Thursday, March 8, 2012

Seafood Chowder

Since I had the fish stock on hand, it seemed like the next logical step was to make a Seafood Chowder.  The nice thing about a fish stock base is that it imparts a lot of flavor.  However, you still need some kind of yummy seafood bits to chew on.  The catch is, I am on a pretty tight budget and buying seafood is not really in that budget.  So, a while ago I started stockpiling frozen seafood as it came on sale.  I picked up a large bag of baby scallops for $2.49, used a half of a ring of frozen shrimp, and a bag of seafood mix (octopus, shrimp, and fish) for $2.99.  Since all of it was frozen, after thawing it I soaked everything in milk to get out the fishiness--milk is the best insurance policy for seafood.

Since this was my first time making it, there was more improving, seasoning, and correcting than measuring of ingredients.  I'm going to give you an approximation of what I did--so consider this more of a journey than a recipe.

3 slices of bacon
1/2 red onion, cut into thin slivers
1 cup mirepoix of carrots, celery, and onions
1 orange (or red or green) pepper, diced
1 tsp. salt
1/2 tsp ground pepper
1-2 tsp. cayenne seasoning
2 tbls. sherry
1 cup white wine
2 large potatoes, cubed and with skin left on
4-5 cups fish stock
3 cups of baby scallops, frozen seafood medley, and shrimp
3 tbls. butter
3 tbls. flour
2 cups milk
additional 1/2 tsp of ground pepper and 1 tsp. red pepper flakes

  • In a large stock pot, crisp the bacon.  When it is done, remove and drain on a paper towel.  
  • In the bacon grease, add the red onions and mirepoix and cook for 2-3 minutes.  Add the orange pepper and cook for another couple of minutes.  When the vegetables are soft, add salt, pepper, and cayenne seasoning.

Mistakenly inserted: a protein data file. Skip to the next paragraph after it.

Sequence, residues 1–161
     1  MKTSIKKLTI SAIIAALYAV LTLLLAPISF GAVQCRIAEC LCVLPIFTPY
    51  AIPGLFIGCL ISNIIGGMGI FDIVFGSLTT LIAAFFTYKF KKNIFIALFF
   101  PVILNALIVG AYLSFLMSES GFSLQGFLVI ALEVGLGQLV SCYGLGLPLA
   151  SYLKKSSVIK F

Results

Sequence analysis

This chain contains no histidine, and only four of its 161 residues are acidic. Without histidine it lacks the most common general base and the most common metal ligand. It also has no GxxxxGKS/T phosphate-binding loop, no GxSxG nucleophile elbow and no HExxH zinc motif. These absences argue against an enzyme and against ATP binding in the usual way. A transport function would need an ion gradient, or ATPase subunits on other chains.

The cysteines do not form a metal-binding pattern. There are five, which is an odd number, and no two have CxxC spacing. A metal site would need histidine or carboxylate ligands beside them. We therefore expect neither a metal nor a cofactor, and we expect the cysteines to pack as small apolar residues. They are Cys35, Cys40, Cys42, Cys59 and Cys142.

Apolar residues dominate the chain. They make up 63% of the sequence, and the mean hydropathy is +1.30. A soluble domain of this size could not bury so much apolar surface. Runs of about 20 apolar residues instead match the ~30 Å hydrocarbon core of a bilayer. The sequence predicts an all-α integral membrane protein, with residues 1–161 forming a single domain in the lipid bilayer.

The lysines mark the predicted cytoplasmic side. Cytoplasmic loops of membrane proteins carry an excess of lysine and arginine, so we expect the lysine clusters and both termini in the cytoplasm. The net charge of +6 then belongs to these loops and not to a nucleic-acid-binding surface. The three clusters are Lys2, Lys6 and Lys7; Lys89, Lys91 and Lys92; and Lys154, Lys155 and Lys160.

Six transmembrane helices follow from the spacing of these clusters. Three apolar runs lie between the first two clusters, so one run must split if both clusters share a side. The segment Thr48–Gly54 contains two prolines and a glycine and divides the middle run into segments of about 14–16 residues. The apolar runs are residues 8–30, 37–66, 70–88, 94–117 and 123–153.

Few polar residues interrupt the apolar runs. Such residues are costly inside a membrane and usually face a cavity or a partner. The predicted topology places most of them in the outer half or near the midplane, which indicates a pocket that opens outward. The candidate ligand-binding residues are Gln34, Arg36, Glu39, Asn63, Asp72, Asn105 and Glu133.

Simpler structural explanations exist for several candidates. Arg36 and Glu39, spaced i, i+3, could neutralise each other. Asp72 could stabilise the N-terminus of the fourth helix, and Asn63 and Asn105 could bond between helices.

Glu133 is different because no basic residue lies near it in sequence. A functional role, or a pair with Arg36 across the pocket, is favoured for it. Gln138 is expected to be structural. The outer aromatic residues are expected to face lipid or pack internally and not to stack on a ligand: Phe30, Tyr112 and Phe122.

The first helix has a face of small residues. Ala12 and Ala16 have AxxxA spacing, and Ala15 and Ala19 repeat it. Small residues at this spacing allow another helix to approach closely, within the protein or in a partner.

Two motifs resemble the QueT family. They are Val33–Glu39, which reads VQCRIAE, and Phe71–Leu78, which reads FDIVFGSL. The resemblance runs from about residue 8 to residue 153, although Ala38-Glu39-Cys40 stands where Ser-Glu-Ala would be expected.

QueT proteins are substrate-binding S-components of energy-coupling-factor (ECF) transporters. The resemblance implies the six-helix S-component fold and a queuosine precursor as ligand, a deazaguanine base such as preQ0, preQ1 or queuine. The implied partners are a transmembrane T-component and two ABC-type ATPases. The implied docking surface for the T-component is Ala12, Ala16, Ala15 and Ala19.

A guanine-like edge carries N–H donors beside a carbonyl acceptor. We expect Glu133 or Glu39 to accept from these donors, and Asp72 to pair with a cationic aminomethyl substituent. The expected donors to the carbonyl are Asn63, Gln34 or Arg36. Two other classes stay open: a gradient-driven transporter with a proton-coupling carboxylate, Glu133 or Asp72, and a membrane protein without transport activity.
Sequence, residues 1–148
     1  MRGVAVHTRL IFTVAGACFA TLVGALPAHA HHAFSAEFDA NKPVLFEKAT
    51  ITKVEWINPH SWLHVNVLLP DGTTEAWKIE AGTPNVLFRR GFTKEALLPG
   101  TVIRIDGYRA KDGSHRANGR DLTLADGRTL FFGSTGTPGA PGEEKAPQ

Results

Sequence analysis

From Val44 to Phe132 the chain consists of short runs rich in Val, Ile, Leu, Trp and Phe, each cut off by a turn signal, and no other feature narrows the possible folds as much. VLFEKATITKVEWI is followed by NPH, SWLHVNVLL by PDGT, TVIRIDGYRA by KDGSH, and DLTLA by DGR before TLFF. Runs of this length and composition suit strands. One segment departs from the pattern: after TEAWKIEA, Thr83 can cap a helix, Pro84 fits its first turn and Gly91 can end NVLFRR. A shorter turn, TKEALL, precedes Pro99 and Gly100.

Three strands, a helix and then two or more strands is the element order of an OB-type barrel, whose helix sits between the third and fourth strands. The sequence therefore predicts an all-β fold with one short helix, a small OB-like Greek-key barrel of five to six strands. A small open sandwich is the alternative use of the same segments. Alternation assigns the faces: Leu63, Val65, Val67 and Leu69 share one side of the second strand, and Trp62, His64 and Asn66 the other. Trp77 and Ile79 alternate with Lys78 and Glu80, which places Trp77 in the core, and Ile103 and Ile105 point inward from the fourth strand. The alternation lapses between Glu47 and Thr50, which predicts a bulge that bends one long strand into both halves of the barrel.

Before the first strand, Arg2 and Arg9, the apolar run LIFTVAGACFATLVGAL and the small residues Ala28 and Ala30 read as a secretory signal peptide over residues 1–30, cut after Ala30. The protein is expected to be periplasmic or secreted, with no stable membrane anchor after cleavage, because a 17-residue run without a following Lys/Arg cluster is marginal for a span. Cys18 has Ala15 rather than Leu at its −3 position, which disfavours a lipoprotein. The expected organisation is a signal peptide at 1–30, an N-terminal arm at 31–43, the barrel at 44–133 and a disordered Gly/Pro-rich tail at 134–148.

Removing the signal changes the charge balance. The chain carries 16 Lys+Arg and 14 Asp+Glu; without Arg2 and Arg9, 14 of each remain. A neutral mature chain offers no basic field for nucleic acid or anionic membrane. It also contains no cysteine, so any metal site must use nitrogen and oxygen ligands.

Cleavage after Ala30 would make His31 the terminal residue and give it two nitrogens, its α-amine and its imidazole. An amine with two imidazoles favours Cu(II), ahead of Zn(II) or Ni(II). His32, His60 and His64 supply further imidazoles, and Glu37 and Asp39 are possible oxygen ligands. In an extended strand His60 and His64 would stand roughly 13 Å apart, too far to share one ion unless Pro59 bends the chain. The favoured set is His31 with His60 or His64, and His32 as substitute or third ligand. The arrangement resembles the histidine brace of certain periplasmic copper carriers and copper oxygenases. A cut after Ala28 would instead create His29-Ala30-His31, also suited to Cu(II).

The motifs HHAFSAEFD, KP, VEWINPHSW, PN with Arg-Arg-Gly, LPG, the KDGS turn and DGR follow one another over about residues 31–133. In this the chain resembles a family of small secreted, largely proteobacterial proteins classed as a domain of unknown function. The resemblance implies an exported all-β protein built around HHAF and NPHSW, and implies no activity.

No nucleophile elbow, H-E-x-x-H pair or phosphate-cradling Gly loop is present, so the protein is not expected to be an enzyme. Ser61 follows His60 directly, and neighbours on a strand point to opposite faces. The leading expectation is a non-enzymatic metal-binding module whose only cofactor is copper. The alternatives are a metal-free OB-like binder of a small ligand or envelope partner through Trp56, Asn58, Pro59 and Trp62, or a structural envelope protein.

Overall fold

• With the sherry and white wine, deglaze the pot.  After cooking off a little of the liquid, add the potatoes and toss in mixture.  Ladle in fish stock so that the potatoes are covered with liquid.  Bring to a boil and cook potatoes until fork tender.  At this point, add the seafood and bring back to a boil.  Then reduce the temperature to a simmer. 
  • In another pot, over medium heat melt butter and whisk in flour to make a roux.  Add the milk, pepper, and red pepper flakes, and another little dash of sherry.  Keep stirring until mixture thickens.  
  • Once the milk is so thick it coats the back of a spoon, pour into the seafood soup.  Simmer together for about 30 minutes to incorporate all the flavors.  
  • Served topped with the crispy bacon, thinly sliced asparagus, and some drops of sriracha.  

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  1. Whoa!! this chowder looks rich and yummy! Love that you serve by topping with crispy bacon.

    1. Thanks for the compliment! I'm glad you approve!

  2. St. Lynn’s Press has a new release hot off the press, RAMPS: Cooking with the Best Kept Secret of the Appalachian Trail! Whether you call them ramps or wild leeks, this wild-foraged spring delicacy is the newest celebrity on the food scene. If you’ve ever tasted this earthy delight at an Appalachian ramp festival or a fine restaurant in the city, you know what the buzz is about. And now, the ramp has its own cookbook. We would love you to review a copy of our new book!

    Havilah Vitartas

    1. Sadly, I'm probably not a good target audience. I have a slight garlic allergy so I don't use it that often in cooking.

      Best of luck with the book though.


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